Hook Up With Tarpon Season on Caribbean Coast
Every year, anglers from all over the world visit Costa Rica to catch sailfish, marlin, tuna and mahimahi on the Pacific coast because it offers some of the best deep-sea fishing in the world. Many of these anglers, and many local anglers, don’t realize that we also have some of the best tarpon and snook fishing in the world.
Costa Rica’s northern Caribbean coast has been famous for big tarpon and big snook for more than 40 years. On my first trip to the Rio Colorado Lodge, I remember seeing on the walls old photos of movie stars, professional athletes and famous people who fished at Archie Field’s back in the 1970s. The area is rich in sportfishing history.
In general, there are two peak times for tarpon. September-October and March-April are considered the best times for good weather and good fishing on the Caribbean coast. The rest of the year the tarpon are around and can be caught in good numbers if the we at her cooperates. Most tarpon are between 80 and 180 pounds.
Snook are also caught year-round on the Caribbean. There are two types: big snook and fat snook. Big snook can be over 50 pounds, and Costa Rica has had several world-record big snook, including a 53-pounder caught in Parismina. Fat snook are smaller, usually 5 to 10 pounds. There is a fat snook run November through February that offers some great light tackle action with the chance at dozens of good eating fish each day.
Caribbean Coast Fishing Lodges
Archie Field’s Rio Colorado Lodge
Jungle Tarpon Lodge
Rio Parismina Lodge
Silver King Lodge
Tarpon and snook can be caught in the rivers, the river mouths or in the ocean just outside the river mouths in 60 to 80 feet of water. The best tarpon fishing is usually when the fish are stacked up on the outside. I have heard captains talk about acres of rolling tarpon and 50-plus tarpon hook-ups per day.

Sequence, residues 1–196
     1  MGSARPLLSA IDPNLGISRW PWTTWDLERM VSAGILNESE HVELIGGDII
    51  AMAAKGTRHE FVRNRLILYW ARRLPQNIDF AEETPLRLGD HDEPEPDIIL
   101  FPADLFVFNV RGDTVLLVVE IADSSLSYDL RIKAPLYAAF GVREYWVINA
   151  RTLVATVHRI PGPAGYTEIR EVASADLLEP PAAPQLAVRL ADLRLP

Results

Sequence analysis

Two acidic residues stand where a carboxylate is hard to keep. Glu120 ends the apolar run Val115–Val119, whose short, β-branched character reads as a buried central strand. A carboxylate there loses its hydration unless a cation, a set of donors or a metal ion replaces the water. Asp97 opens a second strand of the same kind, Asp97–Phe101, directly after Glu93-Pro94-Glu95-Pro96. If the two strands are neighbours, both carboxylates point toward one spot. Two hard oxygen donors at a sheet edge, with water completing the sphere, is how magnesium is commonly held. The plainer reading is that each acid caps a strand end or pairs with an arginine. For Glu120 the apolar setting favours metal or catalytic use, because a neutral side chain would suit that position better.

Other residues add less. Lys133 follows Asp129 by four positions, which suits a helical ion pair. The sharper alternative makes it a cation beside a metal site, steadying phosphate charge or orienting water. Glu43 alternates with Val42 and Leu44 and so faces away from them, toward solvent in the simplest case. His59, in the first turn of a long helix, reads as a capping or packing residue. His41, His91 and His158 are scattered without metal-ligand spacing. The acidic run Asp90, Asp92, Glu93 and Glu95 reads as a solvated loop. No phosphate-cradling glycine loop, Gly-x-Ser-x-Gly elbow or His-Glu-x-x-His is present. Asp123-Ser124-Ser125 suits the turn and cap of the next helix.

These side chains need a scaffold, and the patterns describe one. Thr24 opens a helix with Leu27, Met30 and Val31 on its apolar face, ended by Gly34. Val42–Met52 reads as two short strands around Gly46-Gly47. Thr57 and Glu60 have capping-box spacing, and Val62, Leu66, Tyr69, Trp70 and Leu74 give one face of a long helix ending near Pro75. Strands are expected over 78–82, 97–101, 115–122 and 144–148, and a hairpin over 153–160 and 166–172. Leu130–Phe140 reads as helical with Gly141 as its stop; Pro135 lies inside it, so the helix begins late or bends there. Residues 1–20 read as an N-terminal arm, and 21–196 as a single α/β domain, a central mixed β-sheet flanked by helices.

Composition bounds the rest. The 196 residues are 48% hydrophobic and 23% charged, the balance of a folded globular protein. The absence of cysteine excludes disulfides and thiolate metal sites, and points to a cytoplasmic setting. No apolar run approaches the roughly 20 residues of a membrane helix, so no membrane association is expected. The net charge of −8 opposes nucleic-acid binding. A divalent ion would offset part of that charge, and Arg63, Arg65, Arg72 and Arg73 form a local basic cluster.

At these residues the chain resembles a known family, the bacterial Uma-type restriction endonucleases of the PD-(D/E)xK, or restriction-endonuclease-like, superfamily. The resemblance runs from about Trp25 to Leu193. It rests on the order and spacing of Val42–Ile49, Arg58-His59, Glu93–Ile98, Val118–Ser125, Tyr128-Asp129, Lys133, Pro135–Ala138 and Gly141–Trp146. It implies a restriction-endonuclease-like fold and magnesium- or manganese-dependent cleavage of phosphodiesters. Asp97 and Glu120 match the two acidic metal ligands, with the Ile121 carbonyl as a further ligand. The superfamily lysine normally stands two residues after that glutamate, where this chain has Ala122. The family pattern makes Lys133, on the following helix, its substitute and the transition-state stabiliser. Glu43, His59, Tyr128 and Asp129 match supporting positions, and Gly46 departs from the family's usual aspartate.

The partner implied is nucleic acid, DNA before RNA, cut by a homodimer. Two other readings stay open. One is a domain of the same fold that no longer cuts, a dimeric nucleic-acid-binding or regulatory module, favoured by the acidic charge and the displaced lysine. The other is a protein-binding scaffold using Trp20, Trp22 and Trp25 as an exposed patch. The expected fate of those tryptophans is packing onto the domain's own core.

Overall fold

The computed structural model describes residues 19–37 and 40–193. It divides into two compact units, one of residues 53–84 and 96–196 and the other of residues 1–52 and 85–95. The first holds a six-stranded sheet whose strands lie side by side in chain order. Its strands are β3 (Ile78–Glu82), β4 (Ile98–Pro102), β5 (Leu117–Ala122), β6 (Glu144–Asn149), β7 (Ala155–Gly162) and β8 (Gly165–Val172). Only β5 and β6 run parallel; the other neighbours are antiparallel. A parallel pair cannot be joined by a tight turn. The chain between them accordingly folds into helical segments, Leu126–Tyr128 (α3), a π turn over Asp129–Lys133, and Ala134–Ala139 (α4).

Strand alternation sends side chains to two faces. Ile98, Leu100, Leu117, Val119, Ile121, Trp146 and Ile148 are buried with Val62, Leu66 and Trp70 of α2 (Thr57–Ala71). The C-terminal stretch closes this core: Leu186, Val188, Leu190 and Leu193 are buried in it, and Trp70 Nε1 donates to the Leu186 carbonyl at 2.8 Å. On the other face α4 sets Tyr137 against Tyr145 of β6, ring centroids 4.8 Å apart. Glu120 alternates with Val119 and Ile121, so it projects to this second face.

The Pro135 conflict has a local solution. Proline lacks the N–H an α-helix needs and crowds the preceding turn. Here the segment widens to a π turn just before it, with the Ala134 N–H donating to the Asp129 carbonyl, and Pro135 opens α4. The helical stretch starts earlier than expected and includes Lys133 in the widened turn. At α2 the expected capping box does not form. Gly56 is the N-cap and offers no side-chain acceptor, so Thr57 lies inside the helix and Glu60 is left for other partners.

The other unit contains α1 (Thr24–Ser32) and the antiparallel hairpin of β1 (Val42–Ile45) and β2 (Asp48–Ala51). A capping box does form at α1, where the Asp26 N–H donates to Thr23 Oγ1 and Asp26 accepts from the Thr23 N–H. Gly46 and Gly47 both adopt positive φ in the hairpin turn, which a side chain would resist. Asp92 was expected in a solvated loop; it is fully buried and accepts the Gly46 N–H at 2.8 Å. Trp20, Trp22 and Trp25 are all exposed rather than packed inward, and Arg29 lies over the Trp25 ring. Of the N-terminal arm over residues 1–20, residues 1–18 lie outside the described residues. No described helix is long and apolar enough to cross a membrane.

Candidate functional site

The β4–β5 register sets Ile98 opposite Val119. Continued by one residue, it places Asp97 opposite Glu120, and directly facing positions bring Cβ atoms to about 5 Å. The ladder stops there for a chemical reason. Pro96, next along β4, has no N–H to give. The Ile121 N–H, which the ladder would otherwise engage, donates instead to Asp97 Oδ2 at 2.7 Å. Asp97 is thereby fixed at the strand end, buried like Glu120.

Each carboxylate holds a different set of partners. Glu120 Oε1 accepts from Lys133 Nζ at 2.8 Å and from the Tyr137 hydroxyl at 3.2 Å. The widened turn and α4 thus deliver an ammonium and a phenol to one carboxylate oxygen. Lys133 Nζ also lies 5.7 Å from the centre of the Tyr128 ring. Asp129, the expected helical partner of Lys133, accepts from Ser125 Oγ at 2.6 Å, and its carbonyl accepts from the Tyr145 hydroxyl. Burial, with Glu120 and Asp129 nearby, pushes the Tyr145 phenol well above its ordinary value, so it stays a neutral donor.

For years, the most popular method for catching tarpon and snook was either lures or jigs, but recently some of the captains have been changing over to circle hooks with live or dead sardines. Capt. Eddie Brown of Tortuguero fished recently with circle hooks, and his clients hooked 15 tarpon and were able to get 14 to the boat.
Tarpon have bone-hard mouths and are hard fighters and high fliers, so when you use J hooks and treble hooks you are lucky if you hook 15 fish and get five to the boat. Circle hooks not only work better, but they also are better for the health of the tarpon, so it’s good to see them start to catch on.
Recently, some of the lodges have added larger boats so they are now able to fish farther offshore for wahoo, tuna, snapper, grouper, mahimahi and more.
To get to the Caribbean side, you can either drive or fly. The flight from San José is about 45 minutes and is very scenic. The drive is a few hours longer and not bad, except for the last hour of the trip; the road to Caño Blanco is very bumpy and not much fun.
This area of Costa Rica is very remote, so most fishing trips are packaged as all-inclusive. The lodges provide water taxis, rooms, boats, food and some drinks at a package price. I’ve fished at Rio Colorado Lodge and Tortuga Lodge and was impressed with the comfort of the rooms, the quality of the service and the large amounts of good food. I think all the lodges in the region do a good job of making anglers comfortable in the remote jungle river setting.
The Caribbean side of Costa Rica has a unique beauty, and the tarpon bite has been red-hot. Several captains have said it’s the best fishing they’ve seen in the past 10 years. One lodge hosted 10 anglers who in four days hooked more than 200 tarpon.
I hope to get over to the Caribbean a couple of times while the fishing is good. Take advantage of our world-class tarpon fishing and contact one of the lodges listed here.
Please send fishing reports, photos and comments to Jerry “Bubba” Hallstrom at fishreportCR@yahoo.com, or call 2778-7217 in Costa Rica or 1-800-9SAILFISH from the United States. To post reports and photos from your fishing trip, go to The Tico Times’ online Fishing Forum.
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